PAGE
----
5. Create WordpressService instance1

    kubectl create -f ./examples/multitenancy/wordpress/tenant1.yaml --kubeconfig=kubeplus-saas-provider.json

  6. Create WordpressService instance2

    kubectl create -f ./examples/multitenancy/wordpress/tenant2.yaml --kubeconfig=kubeplus-saas-provider.json

  7. Check created WordpressService instances

    kubectl get wordpressservices

    NAME             AGE
    wp-for-tenant1   86s
    wp-for-tenant2   26s
  8. Check created application resources

    kubectl appresources WordpressService wp-for-tenant1 –k kubeplus-saas-provider.json

     NAMESPACE                 KIND                      NAME                      
     default                   WordpressService          wp-for-tenant1            
     wp-for-tenant1            PersistentVolumeClaim     mysql-pv-claim            
     wp-for-tenant1            PersistentVolumeClaim     wp-for-tenant1            
     wp-for-tenant1            Service                   wordpress-mysql           
     wp-for-tenant1            Service                   wp-for-tenant1            
     wp-for-tenant1            Deployment                mysql                     
     wp-for-tenant1            Deployment                wp-for-tenant1            
     wp-for-tenant1            Pod                       mysql-76d6d9bdfd-7ffhx    
     wp-for-tenant1            Pod                       wp-for-tenant1-87c4c954-7n9rk 
     wp-for-tenant1            NetworkPolicy             allow-external-traffic    
     wp-for-tenant1            NetworkPolicy             restrict-cross-ns-traffic 
     wp-for-tenant1            ResourceQuota             wordpressservice-wp-for-tenant1 
  1. Check application resource consumption

    kubectl metrics WordpressService wp-for-tenant1 $KUBEPLUS_NS -k kubeplus-saas-provider.json

    Kubernetes Resources created:
        Number of Sub-resources: -
        Number of Pods: 2
            Number of Containers: 2
            Number of Nodes: 1
            Number of Not Running Pods: 0
    Underlying Physical Resoures consumed:
        Total CPU(cores): 0.773497m
        Total MEMORY(bytes): 516.30859375Mi
        Total Storage(bytes): 40Gi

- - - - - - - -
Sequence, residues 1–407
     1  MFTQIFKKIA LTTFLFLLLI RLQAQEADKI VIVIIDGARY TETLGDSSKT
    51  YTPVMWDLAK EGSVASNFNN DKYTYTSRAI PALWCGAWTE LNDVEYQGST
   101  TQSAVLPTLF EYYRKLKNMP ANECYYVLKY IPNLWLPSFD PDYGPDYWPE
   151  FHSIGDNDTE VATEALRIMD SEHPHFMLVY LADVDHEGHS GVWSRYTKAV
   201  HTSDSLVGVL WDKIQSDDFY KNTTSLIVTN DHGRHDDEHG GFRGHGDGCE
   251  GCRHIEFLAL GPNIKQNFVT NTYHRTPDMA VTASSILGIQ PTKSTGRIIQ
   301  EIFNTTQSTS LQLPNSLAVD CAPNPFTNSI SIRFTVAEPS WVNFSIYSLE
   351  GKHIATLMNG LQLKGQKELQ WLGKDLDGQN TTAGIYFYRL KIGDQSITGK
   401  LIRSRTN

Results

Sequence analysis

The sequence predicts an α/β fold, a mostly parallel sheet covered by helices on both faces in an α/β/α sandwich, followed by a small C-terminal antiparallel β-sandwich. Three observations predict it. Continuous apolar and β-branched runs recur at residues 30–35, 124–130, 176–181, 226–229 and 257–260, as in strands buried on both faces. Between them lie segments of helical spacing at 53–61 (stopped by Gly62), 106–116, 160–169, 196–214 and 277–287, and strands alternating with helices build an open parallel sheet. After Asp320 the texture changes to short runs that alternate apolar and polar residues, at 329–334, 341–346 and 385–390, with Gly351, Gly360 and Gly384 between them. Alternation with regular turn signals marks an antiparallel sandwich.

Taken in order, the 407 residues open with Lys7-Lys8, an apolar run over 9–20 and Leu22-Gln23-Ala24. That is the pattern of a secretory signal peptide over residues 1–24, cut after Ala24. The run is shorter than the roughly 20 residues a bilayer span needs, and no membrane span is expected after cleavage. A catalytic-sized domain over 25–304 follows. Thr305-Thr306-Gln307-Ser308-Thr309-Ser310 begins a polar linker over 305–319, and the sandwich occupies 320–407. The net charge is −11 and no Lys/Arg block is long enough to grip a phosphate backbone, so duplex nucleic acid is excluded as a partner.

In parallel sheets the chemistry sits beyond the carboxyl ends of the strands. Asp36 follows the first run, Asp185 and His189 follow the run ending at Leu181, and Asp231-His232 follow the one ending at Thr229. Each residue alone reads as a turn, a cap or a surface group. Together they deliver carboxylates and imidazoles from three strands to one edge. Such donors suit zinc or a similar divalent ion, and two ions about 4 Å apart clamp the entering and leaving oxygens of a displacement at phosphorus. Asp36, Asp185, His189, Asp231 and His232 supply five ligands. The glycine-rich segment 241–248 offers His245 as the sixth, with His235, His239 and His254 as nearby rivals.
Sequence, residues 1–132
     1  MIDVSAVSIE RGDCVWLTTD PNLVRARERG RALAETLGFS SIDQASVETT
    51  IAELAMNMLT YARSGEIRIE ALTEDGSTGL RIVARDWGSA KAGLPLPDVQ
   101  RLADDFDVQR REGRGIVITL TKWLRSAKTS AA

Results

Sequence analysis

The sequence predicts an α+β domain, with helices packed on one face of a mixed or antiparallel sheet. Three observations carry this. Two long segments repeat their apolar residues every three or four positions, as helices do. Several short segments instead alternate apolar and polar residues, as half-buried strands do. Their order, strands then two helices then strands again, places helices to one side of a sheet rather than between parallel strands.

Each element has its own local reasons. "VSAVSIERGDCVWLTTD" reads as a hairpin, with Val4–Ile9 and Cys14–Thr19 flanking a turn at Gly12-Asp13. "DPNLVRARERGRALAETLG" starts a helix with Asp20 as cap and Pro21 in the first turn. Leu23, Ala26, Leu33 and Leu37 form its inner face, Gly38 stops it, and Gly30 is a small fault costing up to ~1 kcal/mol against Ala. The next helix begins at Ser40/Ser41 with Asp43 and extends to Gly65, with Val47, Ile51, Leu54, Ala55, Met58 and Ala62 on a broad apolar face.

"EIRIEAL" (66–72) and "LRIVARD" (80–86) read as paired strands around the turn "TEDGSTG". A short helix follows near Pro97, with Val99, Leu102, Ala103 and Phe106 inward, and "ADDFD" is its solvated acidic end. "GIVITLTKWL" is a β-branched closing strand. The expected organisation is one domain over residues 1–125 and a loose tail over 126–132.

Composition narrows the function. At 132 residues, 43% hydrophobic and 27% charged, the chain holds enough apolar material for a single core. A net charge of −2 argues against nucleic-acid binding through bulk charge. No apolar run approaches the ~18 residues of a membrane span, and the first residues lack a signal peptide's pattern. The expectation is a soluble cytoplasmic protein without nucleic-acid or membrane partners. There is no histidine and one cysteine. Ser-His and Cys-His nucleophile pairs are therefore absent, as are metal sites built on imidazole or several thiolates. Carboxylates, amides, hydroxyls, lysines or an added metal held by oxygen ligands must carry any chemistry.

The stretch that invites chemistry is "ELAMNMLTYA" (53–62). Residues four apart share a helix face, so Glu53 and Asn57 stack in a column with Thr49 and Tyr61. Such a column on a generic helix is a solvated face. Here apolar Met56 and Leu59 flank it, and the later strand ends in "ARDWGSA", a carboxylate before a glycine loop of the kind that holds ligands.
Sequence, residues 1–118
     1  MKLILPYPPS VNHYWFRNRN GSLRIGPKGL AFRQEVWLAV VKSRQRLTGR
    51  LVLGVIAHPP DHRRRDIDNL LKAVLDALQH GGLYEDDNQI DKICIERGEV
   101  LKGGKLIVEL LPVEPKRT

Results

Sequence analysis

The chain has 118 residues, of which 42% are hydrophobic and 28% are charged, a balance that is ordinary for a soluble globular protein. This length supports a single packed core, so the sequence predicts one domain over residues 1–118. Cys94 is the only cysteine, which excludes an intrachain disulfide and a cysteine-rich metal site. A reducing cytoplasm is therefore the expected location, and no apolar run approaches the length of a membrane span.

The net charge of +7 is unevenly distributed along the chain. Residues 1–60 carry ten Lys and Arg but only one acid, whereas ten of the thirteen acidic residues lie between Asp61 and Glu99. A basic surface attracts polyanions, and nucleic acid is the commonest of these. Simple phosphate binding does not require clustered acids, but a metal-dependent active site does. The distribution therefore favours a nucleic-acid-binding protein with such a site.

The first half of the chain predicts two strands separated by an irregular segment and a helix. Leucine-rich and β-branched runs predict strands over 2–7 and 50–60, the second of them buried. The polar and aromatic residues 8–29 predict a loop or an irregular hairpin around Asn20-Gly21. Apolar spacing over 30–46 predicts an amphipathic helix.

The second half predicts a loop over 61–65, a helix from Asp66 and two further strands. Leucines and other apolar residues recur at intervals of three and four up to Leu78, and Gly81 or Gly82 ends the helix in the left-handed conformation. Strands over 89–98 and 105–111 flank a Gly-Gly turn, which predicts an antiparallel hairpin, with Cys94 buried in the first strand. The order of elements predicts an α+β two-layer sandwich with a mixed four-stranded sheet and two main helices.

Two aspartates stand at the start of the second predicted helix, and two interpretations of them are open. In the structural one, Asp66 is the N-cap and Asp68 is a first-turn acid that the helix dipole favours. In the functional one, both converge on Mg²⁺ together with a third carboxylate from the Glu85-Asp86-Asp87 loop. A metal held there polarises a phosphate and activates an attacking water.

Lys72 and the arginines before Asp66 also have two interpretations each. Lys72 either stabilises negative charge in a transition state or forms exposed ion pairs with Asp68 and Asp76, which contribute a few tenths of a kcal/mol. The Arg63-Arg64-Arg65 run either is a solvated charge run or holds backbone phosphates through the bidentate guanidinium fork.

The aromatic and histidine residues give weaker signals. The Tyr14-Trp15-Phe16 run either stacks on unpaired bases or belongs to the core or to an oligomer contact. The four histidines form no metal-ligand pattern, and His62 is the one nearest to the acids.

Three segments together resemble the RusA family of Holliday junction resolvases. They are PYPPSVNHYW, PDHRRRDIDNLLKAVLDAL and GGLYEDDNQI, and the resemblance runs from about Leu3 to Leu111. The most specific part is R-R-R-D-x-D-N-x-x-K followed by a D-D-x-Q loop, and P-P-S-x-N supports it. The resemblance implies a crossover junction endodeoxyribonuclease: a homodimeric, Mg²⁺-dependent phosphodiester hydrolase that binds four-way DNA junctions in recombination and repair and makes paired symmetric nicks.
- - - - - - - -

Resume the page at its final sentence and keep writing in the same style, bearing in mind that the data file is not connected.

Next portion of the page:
Total Network bytes received: 0
        Total Network bytes transferred: 0
  2. Cleanup

    kubectl delete -f ./examples/multitenancy/wordpress/tenant1.yaml --kubeconfig=kubeplus-saas-provider.json
    kubectl delete -f ./examples/multitenancy/wordpress/tenant2.yaml --kubeconfig=kubeplus-saas-provider.json
    kubectl delete -f ./examples/multitenancy/wordpress/wordpress-service-composition.yaml --kubeconfig=kubeplus-saas-provider.json
    helm delete kubeplus -n $KUBEPLUS_NS
    python delete $KUBEPLUS_NS


  1. Create minikube cluster

    $ minikube start --kubernetes-version=v1.24.3

  2. Download KubePlus plugins and set up the PATH

  wget ""
  mv kubeplus-kubectl-plugins.tar.gz\?raw\=true kubeplus-kubectl-plugins.tar.gz
  gunzip kubeplus-kubectl-plugins.tar.gz
  tar -xvf kubeplus-kubectl-plugins.tar
  export KUBEPLUS_HOME=`pwd`
  export PATH=$KUBEPLUS_HOME/plugins:$PATH
  1. Try following examples:

  2. Run tests

   cd tests
   python3 -m unittest -v tests
  1. Troubleshoot
   kubectl logs <kubeplus-pod> -c crd-hook
   kubectl logs <kubeplus-pod> -c helmer
   kubectl exec -it <kubeplus-pod> -c kubeconfiggenerator /bin/bash; tail -100 /root/kubeconfiggenerator.log

CNCF Landscape

KubePlus is part of CNCF landscape's Application Definition section.

Operator Maturity Model

As enterprise teams build their custom Kubernetes platforms using community or in house developed Operators, they need a set of guidelines for Operator readin ess in multi-Operator and multi-tenant environments. We have developed the Operator Maturity Model for this purpose. Operator developers are using this model today to ensure that their Operator is a good citizen of the multi-Operator world and ready to serve multi-tenant workloads. It is also being used by Kubernetes cluster administrators for curating community Operators towards building their custom pl atforms.


  1. Webinar: Deliver your Kubernetes Applications as-a-Service

  2. Being a good citizen of the Multi-Operator world, Kubecon NA 2020

  3. Operators and Helm: It takes two to Tango, Helm Summit 2019

  4. KubePlus presentation at community meetings (CNCF sig-app-delivery, Kubernetes sig-apps, Helm)


For support and new features reach out to us or contact our team on Slack.